Intellectual Property Rights
As a member of the European Union, Sweden adheres to a series of multilateral conventions on industrial, intellectual, and commercial property.
Patents: Protection in all areas of technology may be obtained for 20 years. Sweden is a party to the Patent Cooperation Treaty and the European Patent Convention of 1973; both entered into force in 1978.
Copyrights: Sweden is a signatory to various multilateral conventions on the protection of copyrights, including the Berne Convention of 1971, the Rome Convention of 1961, and the WTO’s Agreement on Trade-Related Aspects of Intellectual Property Rights (TRIPS). Swedish copyright law protects computer programs and databases. Between 2005-2008, Sweden gained notoriety as a safe haven for internet piracy due to rapid internet connection speeds, a lag in implementing EU Directives, and weak enforcement efforts. In 2009, however, Sweden implemented the EU’s Intellectual Property Rights Enforcement Directive (IPRED) 2004/48/EC and increased its enforcement against internet piracy. The last few years also saw the conviction of the operators behind the Pirate Bay.org, a notorious BitTorrent tracker for illegal file sharing, and an increase in legal file sharing. Legislative measures combined with added resources for enforcement and the emergence of successful legal alternatives have all contributed to a substantial increase in music and film distribution by legal means since 2010. In 2016, Sweden set up a Specialist Court for IPR-related cases, to further increase efficiency by pooling specialist competence. In 2020, severe copyright infringement was added to the criminal code, giving police and prosecutors additional enforcement tools, and increasing the maximum penalty for such crimes to six years imprisonment.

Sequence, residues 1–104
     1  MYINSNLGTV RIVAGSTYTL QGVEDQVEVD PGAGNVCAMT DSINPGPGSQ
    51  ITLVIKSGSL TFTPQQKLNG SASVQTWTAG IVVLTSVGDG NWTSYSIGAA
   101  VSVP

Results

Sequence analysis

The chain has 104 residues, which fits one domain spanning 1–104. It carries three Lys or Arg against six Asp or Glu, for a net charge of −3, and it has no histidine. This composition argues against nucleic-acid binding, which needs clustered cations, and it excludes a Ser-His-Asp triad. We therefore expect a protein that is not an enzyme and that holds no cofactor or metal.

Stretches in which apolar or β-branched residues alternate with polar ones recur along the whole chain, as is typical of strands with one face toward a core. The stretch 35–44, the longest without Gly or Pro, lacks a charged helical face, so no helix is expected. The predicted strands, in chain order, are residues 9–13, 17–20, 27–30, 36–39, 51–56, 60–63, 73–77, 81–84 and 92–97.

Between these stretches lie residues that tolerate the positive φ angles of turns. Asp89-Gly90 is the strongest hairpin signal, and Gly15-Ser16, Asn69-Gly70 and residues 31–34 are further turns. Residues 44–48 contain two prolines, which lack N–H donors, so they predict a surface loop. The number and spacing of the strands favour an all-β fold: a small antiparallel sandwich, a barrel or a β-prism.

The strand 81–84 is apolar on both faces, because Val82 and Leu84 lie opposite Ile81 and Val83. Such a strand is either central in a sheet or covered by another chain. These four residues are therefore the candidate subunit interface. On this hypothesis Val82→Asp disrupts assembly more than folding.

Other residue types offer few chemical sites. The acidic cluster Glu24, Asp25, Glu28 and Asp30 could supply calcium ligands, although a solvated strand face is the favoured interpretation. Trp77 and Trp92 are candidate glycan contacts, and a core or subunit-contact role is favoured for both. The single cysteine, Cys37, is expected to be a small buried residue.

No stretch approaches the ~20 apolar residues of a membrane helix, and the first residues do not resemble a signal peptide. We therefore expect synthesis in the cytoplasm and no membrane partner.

Trademarks: Sweden protects trademarks under a specific trademark act (1960:644) and is a signatory to the 1989 Madrid Protocol.
Trade secrets: Proprietary information is protected under Sweden’s patent and copyright laws unless acquired by a government ministry or authority, in which case it may be made available to the public on demand.
Designs: Sweden is a party to the Paris Convention and the Locarno Agreement and designs are protected by the Swedish Design Protection Act, as well as the Council Regulation on Registered and Unregistered Designs. Protection under the act lasts for renewable terms of one, or several five-year periods with a maximum protection of 25 years.
Sweden is not included in USTR’s Special 301 Report or Notorious Markets List.
For additional information about national laws and points of contact at local IP offices, please see WIPO’s country profiles at http://www.wipo.int/directory/en.
6. Financial Sector
Capital Markets and Portfolio Investment
Credit is allocated on market terms and is made available to foreign investors in a non-discriminatory fashion. The private sector has access to a variety of credit instruments. Legal, regulatory, and accounting systems are transparent and consistent with international norms. NASDAQ-OMX is a modern, open, and active forum for domestic and foreign portfolio investment. It is Sweden’s official stock exchange and operates under specific legislation. Furthermore, the Swedish government is neutral toward portfolio investment and Sweden has a fully capable regulatory system that encourages and facilitates portfolio investments.
Money and Banking System
Several foreign banks, including Citibank, have established branch offices in Sweden, and several niche banks have started to compete in the retail bank market. The three largest Swedish banks are Skandinaviska Enskilda Banken (SEB), Svenska Handelsbanken, and Swedbank. Nordea is the largest foreign bank and largest bank in Sweden, while Danske Bank is the second largest foreign bank and the fifth largest bank in Sweden. A deposit insurance system was introduced in 1996, whereby individuals received protection of up to SEK 250,000 (USD 29,250) of their deposits in case of bank insolvency. On December 31, 2010, the maximum compensation was raised to the SEK equivalent of 100,000 euro.